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The Other Side of Paradise : Life in the New Cuba
by Julia Cooke


Overview - Change looms in Havana, Cuba's capital, a city electric with uncertainty yet cloaked in cliche, 90 miles from U.S. shores and off-limits to most Americans. Journalist Julia Cooke, who lived there at intervals over a period of five years, discovered a dynamic scene: baby-faced anarchists with Mohawks gelled with laundry soap, whiskey-drinking children of the elite, Santeria trainees, pregnant prostitutes, university graduates planning to leave for the first country that will give them a visa.  Read more...

 
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More About The Other Side of Paradise by Julia Cooke
 
 
 
Overview
Change looms in Havana, Cuba's capital, a city electric with uncertainty yet cloaked in cliche, 90 miles from U.S. shores and off-limits to most Americans. Journalist Julia Cooke, who lived there at intervals over a period of five years, discovered a dynamic scene: baby-faced anarchists with Mohawks gelled with laundry soap, whiskey-drinking children of the elite, Santeria trainees, pregnant prostitutes, university graduates planning to leave for the first country that will give them a visa.
This last generation of Cubans raised under Fidel Castro animate life in a waning era of political stagnation as the rest of the world beckons: waiting out storms at rummy hurricane parties and attending raucous drag cabarets, planning ascendant music careers and black-market business ventures, trying to reconcile the undefined future with the urgent today.
Eye-opening and politically prescient, "The Other Side of Paradise" offers a deep new understanding of a place that has so confounded and intrigued us."

 
Details
  • ISBN-13: 9781580055314
  • ISBN-10: 1580055311
  • Publisher: Seal Press (CA)
  • Publish Date: April 2014
  • Page Count: 236
  • Dimensions: 8.1 x 5.5 x 0.8 inches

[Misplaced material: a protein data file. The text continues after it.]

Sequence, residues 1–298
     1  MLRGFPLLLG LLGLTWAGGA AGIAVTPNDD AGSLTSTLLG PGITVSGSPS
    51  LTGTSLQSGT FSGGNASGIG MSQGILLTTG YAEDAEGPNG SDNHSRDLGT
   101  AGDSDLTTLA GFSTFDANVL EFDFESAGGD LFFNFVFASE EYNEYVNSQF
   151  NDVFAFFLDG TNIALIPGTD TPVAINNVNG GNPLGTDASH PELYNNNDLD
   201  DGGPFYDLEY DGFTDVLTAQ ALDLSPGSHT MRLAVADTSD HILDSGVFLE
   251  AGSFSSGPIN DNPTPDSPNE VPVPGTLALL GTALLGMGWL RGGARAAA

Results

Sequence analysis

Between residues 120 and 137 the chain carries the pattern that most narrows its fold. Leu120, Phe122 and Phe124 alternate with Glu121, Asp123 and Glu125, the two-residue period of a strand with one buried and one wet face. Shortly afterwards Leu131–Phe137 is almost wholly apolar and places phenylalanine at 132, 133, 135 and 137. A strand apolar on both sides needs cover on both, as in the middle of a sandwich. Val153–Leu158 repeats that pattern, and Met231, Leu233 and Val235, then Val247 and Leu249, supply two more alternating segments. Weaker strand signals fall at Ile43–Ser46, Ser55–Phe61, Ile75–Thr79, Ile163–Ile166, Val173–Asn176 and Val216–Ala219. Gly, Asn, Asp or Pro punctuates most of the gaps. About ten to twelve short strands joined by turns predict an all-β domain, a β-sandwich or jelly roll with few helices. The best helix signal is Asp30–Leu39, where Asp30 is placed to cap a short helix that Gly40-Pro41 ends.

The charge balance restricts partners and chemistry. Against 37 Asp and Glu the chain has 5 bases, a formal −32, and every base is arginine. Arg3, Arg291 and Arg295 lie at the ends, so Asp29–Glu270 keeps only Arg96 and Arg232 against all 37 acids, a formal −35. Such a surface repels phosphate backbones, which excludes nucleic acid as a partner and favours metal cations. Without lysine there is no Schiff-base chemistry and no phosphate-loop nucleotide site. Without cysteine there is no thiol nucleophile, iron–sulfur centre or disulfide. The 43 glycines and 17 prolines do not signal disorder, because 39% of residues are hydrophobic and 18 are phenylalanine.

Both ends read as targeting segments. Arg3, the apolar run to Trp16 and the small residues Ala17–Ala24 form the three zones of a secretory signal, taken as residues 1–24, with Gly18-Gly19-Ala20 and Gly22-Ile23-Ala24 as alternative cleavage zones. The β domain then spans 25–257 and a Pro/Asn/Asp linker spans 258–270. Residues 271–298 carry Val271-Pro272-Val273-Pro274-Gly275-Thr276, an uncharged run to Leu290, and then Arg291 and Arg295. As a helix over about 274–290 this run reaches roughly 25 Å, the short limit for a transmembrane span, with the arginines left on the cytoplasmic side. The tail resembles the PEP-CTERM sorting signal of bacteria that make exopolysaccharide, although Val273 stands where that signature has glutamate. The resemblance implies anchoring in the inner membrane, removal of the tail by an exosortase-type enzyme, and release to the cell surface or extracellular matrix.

• Shipping Weight: 0.55 pounds


Related Categories

Books > Travel > Essays & Travelogues
Books > Travel > Caribbean & West Indies
Books > Social Science > Regional Studies

 
Publishers Weekly Reviews

Publishers Weekly® Reviews

  • Reviewed in: Publishers Weekly, page .
  • Review Date: 2014-02-17
  • Reviewer: Staff

As journalist Cooke writes in her nonfiction debut, a multilayered collection of vignettes about her time in Cuba: “Havana reveals itself in snippets that build, one atop another, in a constant waterfall of places and scenes.” Bypassing many of the clichéd Cuban experiences, Cooke focuses on the day-to-day lives of Cuba’s young people—a population that, in recent years, has been leaving the country in droves. She quickly discovers that blackouts and service interruptions are as common as raucous street parties, that a box of Canadian corn flakes sells for $12, and that it’s possible to score five mojitos for a dollar, all while learning about the country’s dramatic history. It’s not all gloom and doom: Cuba now has a vibrant gay community, and punk rockers gleefully mix their metaphors. Cooke tries admirably to cover a subject that only seems to expand as she digs deeper, examining Santería, and the ever-present specter of government surveillance and Communism. Unfortunately, the more she digs, the more Cooke finds herself trying to nail down mercury as she shifts from subject to subject, never reaching a definitive conclusion or analysis. As a travelogue, the book is a fine example of the author’s experiences. As an analysis of an incredibly complex and ever-changing culture, it falls short. Agent: Diana Finch, Diana Finch Literary Agency. (Apr.)

 
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